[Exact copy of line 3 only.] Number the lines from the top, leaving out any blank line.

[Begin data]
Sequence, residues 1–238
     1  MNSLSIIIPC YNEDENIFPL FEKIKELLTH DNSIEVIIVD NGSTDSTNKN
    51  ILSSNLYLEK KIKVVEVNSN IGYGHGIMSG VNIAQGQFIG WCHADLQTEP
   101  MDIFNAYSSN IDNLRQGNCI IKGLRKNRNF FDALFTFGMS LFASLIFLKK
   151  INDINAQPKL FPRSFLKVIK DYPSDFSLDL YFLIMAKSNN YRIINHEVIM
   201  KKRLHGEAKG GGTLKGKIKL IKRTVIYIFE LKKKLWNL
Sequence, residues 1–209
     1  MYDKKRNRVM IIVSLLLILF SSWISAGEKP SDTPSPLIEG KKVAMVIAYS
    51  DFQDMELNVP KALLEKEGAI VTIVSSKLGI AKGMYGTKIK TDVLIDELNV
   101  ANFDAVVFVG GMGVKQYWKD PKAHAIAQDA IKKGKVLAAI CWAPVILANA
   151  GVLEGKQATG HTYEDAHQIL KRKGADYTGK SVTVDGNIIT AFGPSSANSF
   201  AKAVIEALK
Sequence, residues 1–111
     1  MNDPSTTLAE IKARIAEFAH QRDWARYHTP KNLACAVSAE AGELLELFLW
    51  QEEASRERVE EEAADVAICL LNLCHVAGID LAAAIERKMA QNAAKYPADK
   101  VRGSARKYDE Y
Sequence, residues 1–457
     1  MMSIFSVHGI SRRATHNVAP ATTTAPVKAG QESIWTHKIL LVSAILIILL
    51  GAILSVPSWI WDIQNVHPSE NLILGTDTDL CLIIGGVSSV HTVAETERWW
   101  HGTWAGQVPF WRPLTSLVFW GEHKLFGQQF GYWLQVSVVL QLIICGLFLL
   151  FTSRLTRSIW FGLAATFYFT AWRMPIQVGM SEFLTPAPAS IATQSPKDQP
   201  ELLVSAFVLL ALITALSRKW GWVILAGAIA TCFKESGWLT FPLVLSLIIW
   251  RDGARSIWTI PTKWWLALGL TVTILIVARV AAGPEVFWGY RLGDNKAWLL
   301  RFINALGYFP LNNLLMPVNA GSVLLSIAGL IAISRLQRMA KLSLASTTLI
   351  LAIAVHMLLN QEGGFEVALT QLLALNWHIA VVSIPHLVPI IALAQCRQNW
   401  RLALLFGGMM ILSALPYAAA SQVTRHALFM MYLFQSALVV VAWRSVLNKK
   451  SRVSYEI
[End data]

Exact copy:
    51  ILSSNLYLEK KIKVVEVNSN IGYGHGIMSG VNIAQGQFIG WCHADLQTEP